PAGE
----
Release notes – less or more structured approaches
Continuing my post from last week, I’ll briefly explain how we maintained a change log in my company for about an year (this was back in 2009) and what were the the things we liked and disliked about it.
We used a shared OneNote notebook that had a page per each internal build. After a developer had checked-in a bugfix or some new functionality, he had to describe the change in a free text format, Pasting screenshots was encouraged too, when applicable. The OneNote looked like that:
We chose OneNote because of its several conveniences:
- Easy to setup and use.
- Allows concurrent editing.
- Easily searchable.
- Allows WYSIWYG rich text formatting (including pasting screenshots)
Actually we didn’t use many OneNote features. It was just a visually appealing and easy-to-setup wiki. I think it was pretty useful for devs and QAs in terms of shedding more light in the product development. People could quickly got a good idea how features were evolving and be kept up-to-date with the changes in a non-obtrusive way.
But there were several things that were not that great about this process:
- Some developers complained that it was getting too difficult to commit changes: first they had to write checkin comments, then they had to write a resolution in the issue tracking system, and finally they had to update the change log. Though the comment text could slightly differ, sometimes it seemed like a duplication.
- It was not that easy assemble all the changes for the official release notes from the changelog. One of the reasons was that changes were organzied by date, while it made more sense to have them finally grouped by component and sorted by importance. Also the writing style of developers differs, so it was necessary to rephrase many of the changes.
- Since the log has loose structure, it was not possible to query the changes, e.g. “find me the fixes by developer X made in the past 2 weeks”.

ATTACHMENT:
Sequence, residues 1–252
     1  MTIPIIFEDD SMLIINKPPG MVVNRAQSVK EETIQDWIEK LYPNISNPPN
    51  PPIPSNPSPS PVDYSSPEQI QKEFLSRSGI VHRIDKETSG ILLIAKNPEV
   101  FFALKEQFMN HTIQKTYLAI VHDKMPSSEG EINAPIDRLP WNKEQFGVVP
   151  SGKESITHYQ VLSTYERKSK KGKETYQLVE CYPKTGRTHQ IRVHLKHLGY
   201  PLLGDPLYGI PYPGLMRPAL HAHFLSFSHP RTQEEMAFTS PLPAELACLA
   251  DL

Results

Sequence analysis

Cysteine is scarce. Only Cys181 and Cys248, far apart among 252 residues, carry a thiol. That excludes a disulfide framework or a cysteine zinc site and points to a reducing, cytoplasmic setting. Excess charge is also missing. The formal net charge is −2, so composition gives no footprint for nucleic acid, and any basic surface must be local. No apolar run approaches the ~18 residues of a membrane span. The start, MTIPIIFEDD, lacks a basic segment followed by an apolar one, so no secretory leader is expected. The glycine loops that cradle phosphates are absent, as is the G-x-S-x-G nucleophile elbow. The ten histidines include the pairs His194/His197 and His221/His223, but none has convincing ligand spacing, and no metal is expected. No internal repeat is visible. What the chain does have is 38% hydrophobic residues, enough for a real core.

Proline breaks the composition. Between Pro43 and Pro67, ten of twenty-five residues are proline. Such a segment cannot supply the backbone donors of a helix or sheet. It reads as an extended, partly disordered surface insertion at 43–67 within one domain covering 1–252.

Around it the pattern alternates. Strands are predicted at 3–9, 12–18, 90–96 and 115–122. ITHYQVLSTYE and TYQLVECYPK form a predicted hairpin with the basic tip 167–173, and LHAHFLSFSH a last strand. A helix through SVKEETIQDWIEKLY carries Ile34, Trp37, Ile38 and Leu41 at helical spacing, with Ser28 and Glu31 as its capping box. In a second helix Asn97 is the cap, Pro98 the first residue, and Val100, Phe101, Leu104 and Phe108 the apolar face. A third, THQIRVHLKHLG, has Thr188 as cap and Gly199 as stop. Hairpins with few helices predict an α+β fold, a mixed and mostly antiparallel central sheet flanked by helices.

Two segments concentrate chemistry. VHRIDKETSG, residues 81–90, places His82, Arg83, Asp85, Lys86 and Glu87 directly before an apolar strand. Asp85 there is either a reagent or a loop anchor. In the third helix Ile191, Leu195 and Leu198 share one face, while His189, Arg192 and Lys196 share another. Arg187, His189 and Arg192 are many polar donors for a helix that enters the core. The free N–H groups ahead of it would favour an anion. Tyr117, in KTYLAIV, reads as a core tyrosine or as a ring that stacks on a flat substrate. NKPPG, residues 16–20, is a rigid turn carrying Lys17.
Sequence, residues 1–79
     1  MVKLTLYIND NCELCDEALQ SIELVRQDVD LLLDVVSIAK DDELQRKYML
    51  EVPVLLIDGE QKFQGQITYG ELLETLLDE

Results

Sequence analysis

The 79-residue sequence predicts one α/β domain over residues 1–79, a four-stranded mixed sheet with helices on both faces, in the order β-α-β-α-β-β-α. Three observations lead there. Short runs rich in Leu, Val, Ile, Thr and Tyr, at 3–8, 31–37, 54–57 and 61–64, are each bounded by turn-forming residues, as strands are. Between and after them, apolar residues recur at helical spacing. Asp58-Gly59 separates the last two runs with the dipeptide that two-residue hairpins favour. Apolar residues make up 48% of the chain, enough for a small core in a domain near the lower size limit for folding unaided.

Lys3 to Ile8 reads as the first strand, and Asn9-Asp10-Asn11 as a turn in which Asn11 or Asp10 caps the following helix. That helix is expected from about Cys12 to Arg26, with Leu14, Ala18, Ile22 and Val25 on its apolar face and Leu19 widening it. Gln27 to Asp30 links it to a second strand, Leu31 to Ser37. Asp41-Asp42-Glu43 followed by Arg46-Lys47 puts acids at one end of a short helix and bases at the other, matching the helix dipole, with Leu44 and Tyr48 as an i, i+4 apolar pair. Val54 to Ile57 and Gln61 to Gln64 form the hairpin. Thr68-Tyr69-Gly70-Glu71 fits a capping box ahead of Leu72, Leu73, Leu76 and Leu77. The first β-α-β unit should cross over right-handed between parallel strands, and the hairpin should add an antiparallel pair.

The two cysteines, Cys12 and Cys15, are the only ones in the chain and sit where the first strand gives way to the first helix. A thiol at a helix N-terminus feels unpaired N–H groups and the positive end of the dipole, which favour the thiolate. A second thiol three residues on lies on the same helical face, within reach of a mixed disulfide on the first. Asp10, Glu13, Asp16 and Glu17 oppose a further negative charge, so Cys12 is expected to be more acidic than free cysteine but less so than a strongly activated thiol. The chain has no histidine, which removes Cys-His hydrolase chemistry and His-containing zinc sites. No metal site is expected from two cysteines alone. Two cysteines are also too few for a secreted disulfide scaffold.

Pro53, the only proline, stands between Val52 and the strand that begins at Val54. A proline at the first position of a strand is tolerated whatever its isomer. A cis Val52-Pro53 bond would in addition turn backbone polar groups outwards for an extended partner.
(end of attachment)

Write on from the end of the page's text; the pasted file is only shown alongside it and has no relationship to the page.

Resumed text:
So I was thinking why not capture all release notes information in the issue tracking system itself. The advantages of such approach are obvious, but the system has to meet several requirements for this to work well:
- Support custom fields (for a text field “DescriptionForReleaseNotes” and probably another one “ImportanceForReleaseNotes”)
- Support specifying in which release was the change made.
- Support specifying the component that changed.
- Support generating a custom report that for any selected release(s) outputs the non-empty changes, grouped by component and sorted by importance.
I guess that most popuplar issue tracking systems would support the first three features. I have my doubts only for the report, but some systems might offer powerful enough reporting out of the box. And even if they don’t, exporting the result to Excel and doing some data manipulation there, is an option, too.
Another challenge is that this approach assumes that each item in the release notes should describe only one issue in the system, which is not always the case. You might want to group several small changes in one area in a single item. Well, you can just put a value in DescriptionForReleaseNotes for only one of them, but it will be difficult to manage this, unless there is a support for linking the other related issues to the one that contains the description. So linking issues is probably another requirement for this approach to work well.
So is it worth commiting to such a highly structured approach of storing release notes? I am not sure. If your issue tracking system can handle such process well, it might be relatively painless to adopt it. But if you have to use another tool just for managing release notes, it might be an overkill. What do you think?